——  I can tell you love what you’re doing, how did you decide you wanted to be a coach?

Well as a young kid, an eighth-grader, that's when I determined that I wanted to be a coach. I loved playing and I was a pretty good athlete too well, that might be overstating it a little. I was okay I could play football, basketball, baseball, track. I could do all those things, but I had also figured out that I was not going to be big enough to be a pro-athlete, because I was smaller (5'6') than just about everyone else.

—— So when most kids are thinking about being coached, you’re thinking, “I should be a coach.”

Yep. Even when I was a quarterback in high school, I was already reading football books and things. One time I made up a play in the huddle, obviously it wasn't going to be any good since we never practiced it or anything, but I had read about this thing called a "screen-play". So I told the guys what to do and it was just plain awful. After we left the field I remember the coach asking me,  What was that play?  So thinking quickly I told him it was one of his.

—— I’ve got to ask you, what’s the story behind your nickname “Mouse”?

41_1.jpgWell it's not very exciting but I'll tell you anyway! (laughing) the truth is that when I was freshman in high school and I was playing varsity baseball, even though I'm a lot smaller than most of the guys because I 'd been playing since I could walk. So anyway, I'm a lot smaller and my dad used to call me bore mouse around the house  whatever the hell that is because I had small hands. So one day I was playing second base and my brother was catching and he throws me the ball down to second base and I dropped it. So he yells over Nice hands Mouse! and that was it! From that point on all my teammates called me Mouse and within two years even the teachers were calling me Mouse. Later when I went to college people kept it going. So when I went into the service I thought I was finally going to leave that all behind I'm going to lose that nickname. My older brother did it, so I thought it might work for me too. Turns out that when military training I looked around and saw all these guys that I 'd just been playing against in college. Hell, I knew right then I was "Mouse" alreadyand it's been with me ever since.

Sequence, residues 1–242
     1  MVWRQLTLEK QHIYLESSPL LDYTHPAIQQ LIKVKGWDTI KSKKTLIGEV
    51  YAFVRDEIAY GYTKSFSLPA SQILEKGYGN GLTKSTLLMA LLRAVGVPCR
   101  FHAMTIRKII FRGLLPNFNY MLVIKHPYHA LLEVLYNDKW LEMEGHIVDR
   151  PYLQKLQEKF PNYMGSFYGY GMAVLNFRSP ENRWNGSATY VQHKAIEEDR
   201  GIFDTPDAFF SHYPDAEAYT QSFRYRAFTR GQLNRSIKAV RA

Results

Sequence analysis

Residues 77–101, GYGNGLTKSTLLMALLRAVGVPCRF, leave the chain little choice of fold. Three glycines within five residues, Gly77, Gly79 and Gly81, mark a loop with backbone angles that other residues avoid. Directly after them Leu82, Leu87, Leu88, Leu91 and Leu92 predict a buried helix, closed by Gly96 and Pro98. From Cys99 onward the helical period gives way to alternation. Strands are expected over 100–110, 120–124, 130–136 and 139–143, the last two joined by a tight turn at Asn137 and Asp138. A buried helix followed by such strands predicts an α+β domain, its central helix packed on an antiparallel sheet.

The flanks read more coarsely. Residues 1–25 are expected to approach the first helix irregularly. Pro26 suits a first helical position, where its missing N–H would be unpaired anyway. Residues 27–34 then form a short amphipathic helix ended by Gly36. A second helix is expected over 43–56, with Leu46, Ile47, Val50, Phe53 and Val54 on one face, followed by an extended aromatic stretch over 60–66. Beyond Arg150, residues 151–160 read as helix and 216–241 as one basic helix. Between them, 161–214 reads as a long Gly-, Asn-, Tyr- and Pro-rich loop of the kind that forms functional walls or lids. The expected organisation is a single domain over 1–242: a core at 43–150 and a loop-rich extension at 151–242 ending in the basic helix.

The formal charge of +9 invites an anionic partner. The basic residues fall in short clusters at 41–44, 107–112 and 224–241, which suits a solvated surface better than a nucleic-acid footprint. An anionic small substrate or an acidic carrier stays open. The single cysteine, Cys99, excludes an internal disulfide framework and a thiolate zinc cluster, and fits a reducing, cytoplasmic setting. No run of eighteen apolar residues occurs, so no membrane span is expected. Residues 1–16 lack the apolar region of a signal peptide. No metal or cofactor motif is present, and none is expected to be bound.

It hasn't all been bad though it's been kind of fun sometimes. In fact, at Portland State we were the Vikings, but our unofficial mascot was a mouse. Our quarterback was Neil Lomax, who broke a ton of NCAA records, and his brother wore the mouse outfit. Everywhere I went people have picked up on it. In Houston, with the USFL Gamblers we had a great receiving core and they were known as the Mouseketeersモ, and jeez they could fly. Every chance they had all the guys would be wearing their mouse-ears. Seems at one time or another, cheerleaders, players, mascots everyoneユs been in on it! I figure it's only a matter of time before something like that happens here.